Two of the George Town Festival exhibitions are being held within the Bangunan UAB (UAB Building) on China Street Ghaut, and both are very much worth visiting. In addition, it is a great opportunity to look inside this recently renovated heritage building.

The Art-Deco building was constructed in the 1930s, and housed the Indian Overseas Bank from 1937 onwards. It was renovated in 2016, and is now the Penang office for Khazanah Nasional, the Malaysian sovereign wealth fund, and the event spaces on the ground floor and first floor can be used for public meetings and exhinitions, like these ones.

Before They Pass Away

Photojournalist and photographer Jimmy Nelson brings to George Town the stunning result of five years journeying across Europe, Asia, Africa, South America and the South Pacific, during which he visited thirty-five indigenous communities. In his exhibition Before They Pass Away, Nelson displays these tribal communities through breath taking imagery with the sound purpose of raising awareness about the world’s indigenous cultures. He creates aesthetic visual imagery as a reminder of the drastic homogenising forces of a globalising world. Nelson’s photographs have taken the world by storm, with exhibitions held in major cities like London, New York, Paris and Shanghai. As reviewed by the Huffington Post, UK, this “exquisitely photographed showcase for world tribal culture is not only a joy to look at, but also an important historical record.” With this in mind, this exhibition is a must-see, before the tribes featured in it are lost forever.

 Nelson spent his childhood in Africa, Asia and South-America and trekked the length of Tibet on foot at the age of nineteen. He documented Russian involvement in Afghanistan, the long strife between India and Pakistan over Kashmir and the war in former Yugoslavia. In essence, he is a photojournalist with a lifetime of experience and someone with a wealth of advice to share with budding photographers.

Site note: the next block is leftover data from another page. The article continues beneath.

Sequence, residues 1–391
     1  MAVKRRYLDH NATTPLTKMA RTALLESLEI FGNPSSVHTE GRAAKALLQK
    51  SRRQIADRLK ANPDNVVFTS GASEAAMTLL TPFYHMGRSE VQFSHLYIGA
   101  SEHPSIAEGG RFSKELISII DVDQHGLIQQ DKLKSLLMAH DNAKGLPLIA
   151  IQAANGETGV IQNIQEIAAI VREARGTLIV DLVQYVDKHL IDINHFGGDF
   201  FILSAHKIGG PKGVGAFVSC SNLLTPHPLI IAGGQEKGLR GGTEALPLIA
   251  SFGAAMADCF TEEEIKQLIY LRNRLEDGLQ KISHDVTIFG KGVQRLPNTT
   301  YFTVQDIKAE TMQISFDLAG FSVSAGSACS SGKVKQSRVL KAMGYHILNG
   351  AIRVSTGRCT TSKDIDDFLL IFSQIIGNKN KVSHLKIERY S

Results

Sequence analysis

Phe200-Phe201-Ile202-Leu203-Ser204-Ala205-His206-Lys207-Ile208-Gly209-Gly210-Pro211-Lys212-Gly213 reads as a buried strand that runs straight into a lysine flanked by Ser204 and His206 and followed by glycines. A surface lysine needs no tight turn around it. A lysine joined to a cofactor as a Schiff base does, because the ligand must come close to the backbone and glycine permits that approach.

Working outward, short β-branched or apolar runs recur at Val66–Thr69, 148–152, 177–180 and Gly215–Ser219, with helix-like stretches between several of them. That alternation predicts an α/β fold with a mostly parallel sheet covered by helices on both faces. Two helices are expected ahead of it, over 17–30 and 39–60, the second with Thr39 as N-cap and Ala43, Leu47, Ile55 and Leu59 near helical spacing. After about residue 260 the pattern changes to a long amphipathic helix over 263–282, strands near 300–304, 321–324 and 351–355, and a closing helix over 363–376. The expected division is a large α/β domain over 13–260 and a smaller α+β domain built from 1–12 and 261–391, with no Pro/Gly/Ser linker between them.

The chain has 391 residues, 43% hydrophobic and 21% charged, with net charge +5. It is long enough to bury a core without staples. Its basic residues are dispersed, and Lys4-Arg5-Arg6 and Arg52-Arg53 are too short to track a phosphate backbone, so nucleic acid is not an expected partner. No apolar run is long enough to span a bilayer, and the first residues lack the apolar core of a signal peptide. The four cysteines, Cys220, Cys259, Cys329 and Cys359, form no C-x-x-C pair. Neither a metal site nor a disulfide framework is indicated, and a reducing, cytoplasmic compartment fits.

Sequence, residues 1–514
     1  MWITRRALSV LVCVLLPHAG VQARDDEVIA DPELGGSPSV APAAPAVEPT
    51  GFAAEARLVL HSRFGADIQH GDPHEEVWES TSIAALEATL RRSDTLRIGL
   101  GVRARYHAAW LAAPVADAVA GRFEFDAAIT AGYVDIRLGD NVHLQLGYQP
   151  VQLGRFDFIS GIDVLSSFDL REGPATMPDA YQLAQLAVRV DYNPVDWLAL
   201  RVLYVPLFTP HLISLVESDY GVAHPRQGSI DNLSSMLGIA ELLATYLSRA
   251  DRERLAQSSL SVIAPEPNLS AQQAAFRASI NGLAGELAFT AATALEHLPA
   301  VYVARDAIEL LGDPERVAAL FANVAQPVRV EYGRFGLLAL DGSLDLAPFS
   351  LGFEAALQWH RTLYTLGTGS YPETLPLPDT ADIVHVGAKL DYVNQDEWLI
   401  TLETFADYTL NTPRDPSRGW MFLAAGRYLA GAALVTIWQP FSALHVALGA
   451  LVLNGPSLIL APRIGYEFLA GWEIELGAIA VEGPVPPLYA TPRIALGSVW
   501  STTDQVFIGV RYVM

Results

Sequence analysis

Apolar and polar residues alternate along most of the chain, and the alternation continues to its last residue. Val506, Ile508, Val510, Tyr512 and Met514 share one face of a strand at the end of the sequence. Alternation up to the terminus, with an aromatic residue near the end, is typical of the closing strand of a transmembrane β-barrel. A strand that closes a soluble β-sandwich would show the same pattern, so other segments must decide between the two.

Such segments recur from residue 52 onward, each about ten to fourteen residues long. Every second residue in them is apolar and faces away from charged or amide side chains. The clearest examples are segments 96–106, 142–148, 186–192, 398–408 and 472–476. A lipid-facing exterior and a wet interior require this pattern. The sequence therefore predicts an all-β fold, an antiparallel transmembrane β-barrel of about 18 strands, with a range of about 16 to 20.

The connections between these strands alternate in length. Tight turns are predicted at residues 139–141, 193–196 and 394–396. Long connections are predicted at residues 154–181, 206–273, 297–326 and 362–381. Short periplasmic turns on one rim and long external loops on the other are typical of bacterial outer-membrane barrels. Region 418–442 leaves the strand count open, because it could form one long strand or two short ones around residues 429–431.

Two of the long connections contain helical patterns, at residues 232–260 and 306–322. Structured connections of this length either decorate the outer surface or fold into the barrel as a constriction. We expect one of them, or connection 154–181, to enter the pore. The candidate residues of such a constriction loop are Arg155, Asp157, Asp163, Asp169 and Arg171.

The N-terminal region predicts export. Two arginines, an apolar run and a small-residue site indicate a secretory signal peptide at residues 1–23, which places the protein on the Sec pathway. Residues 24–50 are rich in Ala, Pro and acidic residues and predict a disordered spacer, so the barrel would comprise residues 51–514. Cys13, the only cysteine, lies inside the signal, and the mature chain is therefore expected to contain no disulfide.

In 2014, however, Nelson came under fire from Stephen Corry, director of Surviving International, as misrepresenting tribes. Corry, the world’s foremost defender of indigenous peoples, described the series of photos as “false and damaging” and “just a photographer’s fantasy, bearing little relationship either to how these people appear now, or how they’ve ever appeared. Of course, rendering people more exotic than they really are is a timeworn tradition.” In his own defence, published in an article for The Times, Nelson explained that the project was an “aesthetic, romantic, subjective, iconographic representation of people who are normally represented in a very patronising and demeaning way.” If little else, it is a controversy that Penangites can now contemplate first-hand and discuss among themselves.


Photo credit: Nardya Wray

The Tales of Pua Kumbu

A remarkable exhibition of shawls, throws, and other items crafted from the beautiful pua kumbu, dyed silk cloth which is produced by the Iban tribe of Sarawak, and is an integral part of their intangible cultural heritage and way of life.  The cloth is woven from thread that has been dyed using natural ingredients, and talented artisans are at the exhibition with their looms to show you exactly how it is done.

The exhibition demonstrates the age-old technique of weaving, but integrates modern technology too. You can download an app to your smart phone, which will tell you more about the motifs used on each individual cloth when you hold the phone above that piece. There are also interesting videos about the dying processes.

The pieces are so beautiful, you will want to take one home with you, and the good news is that you can – certain items are for sale.

Photo credit: Nardya Wray

Both exhibitions run until August 27th, and the Bangunan UAB is open from 11am until 6pm daily. There is no charge to visit.